Furthermore, both manufacturers and importers are obliged to retain a copy of the compliance statement, reinforcing the importance of documentation and accountability in the product supply chain.

These principles represent a strategic framework aimed at enhancing the security of connectable products within the UK. By adhering to these guidelines, stakeholders across the product supply chain can contribute to a safer digital environment for consumers, mitigating the risks associated with cyber threats and vulnerabilities.

What does non-compliance look like?

The enforcement of the UK’s Product Security and Telecommunications Infrastructure (PSTI) Act 2022 and the 2023 Regulations marks a pivotal shift towards stricter oversight of connectable consumer product security. Central to this regime is the role of the Office for Product Safety and Standards (OPSS), which, under an MoU with the Department for Science, Innovation, and Technology (DSIT), is vested with the authority to enforce these new standards starting from 29 April 2024.

The OPSS is not just tasked with ensuring adherence to the regulations but also with imposing penalties on entities that fail to comply. These penalties are not nominal; they are designed to incentivise compliance and reflect the seriousness with which the UK government views the security of connectable products.


In the event of a breach of the PSTI Act or its accompanying regulations, the penalties can be substantial:

  • Fixed Penalty: An initial penalty notice may require the payment of a specified amount by the non-compliant entity. This fixed penalty serves as an immediate financial repercussion for failing to adhere to the security requirements outlined in the legislation.
  • Daily Penalty: Beyond the fixed penalty, an entity that continues to breach the regulations after the specified payment period for the fixed penalty may incur a further daily penalty. This additional penalty can amount to up to £20,000 for each day the breach continues, underscoring the importance of swift compliance.
  • Maximum Penalties: The legislation sets a significant ceiling for the maximum penalties that can be imposed for breaches. The relevant maximum penalty for an entity, as per section 36 of the Act, is the greater of £10 million or 4% of the entity’s qualifying worldwide revenue for its most recent complete accounting period. This scaling of penalties based on an entity’s revenue ensures that the fines are proportionate to the size and financial capacity of the business, while still representing a substantial deterrent against non-compliance.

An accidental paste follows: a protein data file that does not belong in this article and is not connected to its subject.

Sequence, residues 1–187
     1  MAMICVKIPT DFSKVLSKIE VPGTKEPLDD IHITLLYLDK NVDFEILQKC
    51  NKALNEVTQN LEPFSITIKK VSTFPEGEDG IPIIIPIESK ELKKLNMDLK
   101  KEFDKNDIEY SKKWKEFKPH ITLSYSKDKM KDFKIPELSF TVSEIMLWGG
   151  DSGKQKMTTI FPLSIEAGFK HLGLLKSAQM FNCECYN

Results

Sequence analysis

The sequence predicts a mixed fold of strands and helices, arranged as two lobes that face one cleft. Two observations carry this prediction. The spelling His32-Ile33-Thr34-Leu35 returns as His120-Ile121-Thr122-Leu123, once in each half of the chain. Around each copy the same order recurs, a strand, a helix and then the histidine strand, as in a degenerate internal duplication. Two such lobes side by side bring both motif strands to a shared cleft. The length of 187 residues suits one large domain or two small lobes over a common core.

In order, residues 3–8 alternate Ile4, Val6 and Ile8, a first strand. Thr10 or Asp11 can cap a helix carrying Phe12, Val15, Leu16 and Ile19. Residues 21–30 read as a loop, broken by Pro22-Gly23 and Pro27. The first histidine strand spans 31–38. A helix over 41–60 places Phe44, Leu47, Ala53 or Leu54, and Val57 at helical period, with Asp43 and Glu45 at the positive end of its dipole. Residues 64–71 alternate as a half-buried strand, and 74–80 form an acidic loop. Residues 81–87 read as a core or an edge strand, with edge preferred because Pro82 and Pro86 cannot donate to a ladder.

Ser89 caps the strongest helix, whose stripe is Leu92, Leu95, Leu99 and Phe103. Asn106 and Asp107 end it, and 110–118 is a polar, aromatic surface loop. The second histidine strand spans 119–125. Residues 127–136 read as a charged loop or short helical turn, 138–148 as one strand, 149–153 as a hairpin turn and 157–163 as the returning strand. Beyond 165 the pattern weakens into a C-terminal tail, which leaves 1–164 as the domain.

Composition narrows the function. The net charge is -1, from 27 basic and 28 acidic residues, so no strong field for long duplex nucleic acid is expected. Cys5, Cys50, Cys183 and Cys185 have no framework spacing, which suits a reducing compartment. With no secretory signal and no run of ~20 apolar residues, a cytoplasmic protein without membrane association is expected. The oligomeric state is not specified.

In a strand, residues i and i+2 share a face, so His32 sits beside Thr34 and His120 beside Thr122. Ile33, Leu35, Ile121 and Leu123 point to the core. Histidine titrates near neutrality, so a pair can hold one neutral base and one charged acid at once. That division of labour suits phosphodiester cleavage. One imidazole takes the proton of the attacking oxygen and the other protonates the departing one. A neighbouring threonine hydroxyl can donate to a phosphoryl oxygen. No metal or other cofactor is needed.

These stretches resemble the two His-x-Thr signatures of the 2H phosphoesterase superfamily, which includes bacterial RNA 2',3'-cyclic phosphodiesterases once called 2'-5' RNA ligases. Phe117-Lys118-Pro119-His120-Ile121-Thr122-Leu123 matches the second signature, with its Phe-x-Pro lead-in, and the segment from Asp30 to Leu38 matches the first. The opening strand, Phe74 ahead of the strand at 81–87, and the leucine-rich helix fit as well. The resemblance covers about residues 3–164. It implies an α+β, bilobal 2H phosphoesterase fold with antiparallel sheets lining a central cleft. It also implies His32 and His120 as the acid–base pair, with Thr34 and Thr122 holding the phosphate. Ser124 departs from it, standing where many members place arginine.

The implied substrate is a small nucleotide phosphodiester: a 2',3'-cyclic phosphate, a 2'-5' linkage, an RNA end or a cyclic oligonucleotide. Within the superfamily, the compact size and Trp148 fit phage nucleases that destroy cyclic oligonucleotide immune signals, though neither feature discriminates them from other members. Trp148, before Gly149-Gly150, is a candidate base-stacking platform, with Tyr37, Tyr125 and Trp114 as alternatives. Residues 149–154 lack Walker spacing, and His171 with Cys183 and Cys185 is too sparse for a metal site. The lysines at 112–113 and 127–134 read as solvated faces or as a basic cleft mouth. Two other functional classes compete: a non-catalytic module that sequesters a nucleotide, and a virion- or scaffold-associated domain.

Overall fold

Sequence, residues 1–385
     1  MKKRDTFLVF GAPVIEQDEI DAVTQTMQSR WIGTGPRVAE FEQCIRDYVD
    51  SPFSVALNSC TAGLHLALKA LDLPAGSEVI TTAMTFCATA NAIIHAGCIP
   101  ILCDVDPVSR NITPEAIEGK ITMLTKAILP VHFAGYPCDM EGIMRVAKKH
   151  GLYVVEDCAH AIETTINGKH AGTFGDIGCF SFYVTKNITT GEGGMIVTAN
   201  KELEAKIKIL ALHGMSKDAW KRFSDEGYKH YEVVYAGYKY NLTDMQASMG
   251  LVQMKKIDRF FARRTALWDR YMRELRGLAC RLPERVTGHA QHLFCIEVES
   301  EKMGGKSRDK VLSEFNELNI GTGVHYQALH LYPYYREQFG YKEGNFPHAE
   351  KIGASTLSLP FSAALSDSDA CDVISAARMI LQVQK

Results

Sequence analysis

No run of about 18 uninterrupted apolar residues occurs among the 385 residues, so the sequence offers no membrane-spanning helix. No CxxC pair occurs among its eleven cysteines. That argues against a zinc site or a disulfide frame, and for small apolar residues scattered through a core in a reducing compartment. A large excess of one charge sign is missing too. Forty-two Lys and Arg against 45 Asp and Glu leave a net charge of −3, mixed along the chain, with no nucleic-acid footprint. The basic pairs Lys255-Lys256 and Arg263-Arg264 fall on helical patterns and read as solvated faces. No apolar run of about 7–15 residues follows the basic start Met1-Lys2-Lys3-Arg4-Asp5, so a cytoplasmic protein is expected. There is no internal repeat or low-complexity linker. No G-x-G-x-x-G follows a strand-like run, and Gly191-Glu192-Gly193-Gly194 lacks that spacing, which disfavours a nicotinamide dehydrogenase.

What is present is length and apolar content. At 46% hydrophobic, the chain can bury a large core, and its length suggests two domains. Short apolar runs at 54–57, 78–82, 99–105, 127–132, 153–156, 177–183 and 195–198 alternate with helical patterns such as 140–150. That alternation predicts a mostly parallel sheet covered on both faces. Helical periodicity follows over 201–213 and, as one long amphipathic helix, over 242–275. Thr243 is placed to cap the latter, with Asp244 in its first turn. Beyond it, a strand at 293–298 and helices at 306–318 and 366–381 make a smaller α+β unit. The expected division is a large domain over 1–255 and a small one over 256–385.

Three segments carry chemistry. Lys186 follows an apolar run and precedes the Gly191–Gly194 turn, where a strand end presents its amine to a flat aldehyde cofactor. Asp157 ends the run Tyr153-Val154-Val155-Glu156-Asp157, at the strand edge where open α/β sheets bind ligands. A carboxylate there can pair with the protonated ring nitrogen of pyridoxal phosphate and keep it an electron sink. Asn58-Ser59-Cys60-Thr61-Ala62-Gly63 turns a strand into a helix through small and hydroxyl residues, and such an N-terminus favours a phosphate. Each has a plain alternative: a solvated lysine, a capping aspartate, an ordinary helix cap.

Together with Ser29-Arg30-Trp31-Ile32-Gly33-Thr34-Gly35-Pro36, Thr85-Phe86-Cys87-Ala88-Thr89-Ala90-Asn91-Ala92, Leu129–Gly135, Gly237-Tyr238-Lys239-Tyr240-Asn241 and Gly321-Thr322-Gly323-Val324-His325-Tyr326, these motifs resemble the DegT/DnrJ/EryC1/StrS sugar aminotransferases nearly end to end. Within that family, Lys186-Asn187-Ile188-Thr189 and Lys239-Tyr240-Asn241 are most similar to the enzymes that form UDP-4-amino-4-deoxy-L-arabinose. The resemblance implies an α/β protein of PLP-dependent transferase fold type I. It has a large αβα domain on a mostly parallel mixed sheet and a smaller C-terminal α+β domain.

These penalties highlight the financial risks of failing to comply with the UK’s product security regulations. They serve as a stark reminder of the importance of embedding robust security measures into connectable products and maintaining a proactive compliance posture.

Don’t get fined

To avoid these penalties, businesses involved in the manufacturing, importing, or distributing of connectable consumer products must take diligent steps to understand and implement the required security measures. Regulatory compliance in cybersecurity is not a checkbox exercise. It demands a proactive, nuanced approach to meet unique operational needs. This includes ensuring that products meet the stipulated security requirements, establishing clear vulnerability disclosure policies, and maintaining comprehensive records of compliance efforts. The PSTI Act and its regulations offer a structured path to securing connectable products, urging businesses to

  • Engage in critical evaluation of their security practices.
  • Embrace ‘Secure by Design’ principles, learning from sectors like Critical National Infrastructure.
  • Conduct thorough assessments, including PoC testing with vendors, to ensure robust security measures are in place.
  • Prepare for the inevitability of cyber incidents through diligent planning and response strategies.
  • Prioritise training to cultivate a cybersecurity-aware culture.

The OPSS will leverage its existing processes and relationships to enforce the regulations in a robust and risk-based manner, taking appropriate and proportionate action against non-compliant entities. Businesses are encouraged to visit the OPSS website for information on enforcement activities and guidance on compliance best practices.

Challenges for vendors now

If a vendor has a product that doesn’t or can’t comply, should they stop selling it now? This is an important question as it will take time for product levels to run down through the supply chain. It means that returns from retailers could be significant.


The PSTI Act and regulations are a significant step forward in protecting consumers and end users from cyber harm. Anything that enhances product security in the UK is a good thing.

It’s not all about consumer protection though. The benefits to manufacturers and vendors can’t be understated. By adopting a strategic and informed approach to compliance businesses will not only be compliant, but will also be better equipped to deal with the ever evolving cyber threat landscape that connected products present.

You can read the Act here.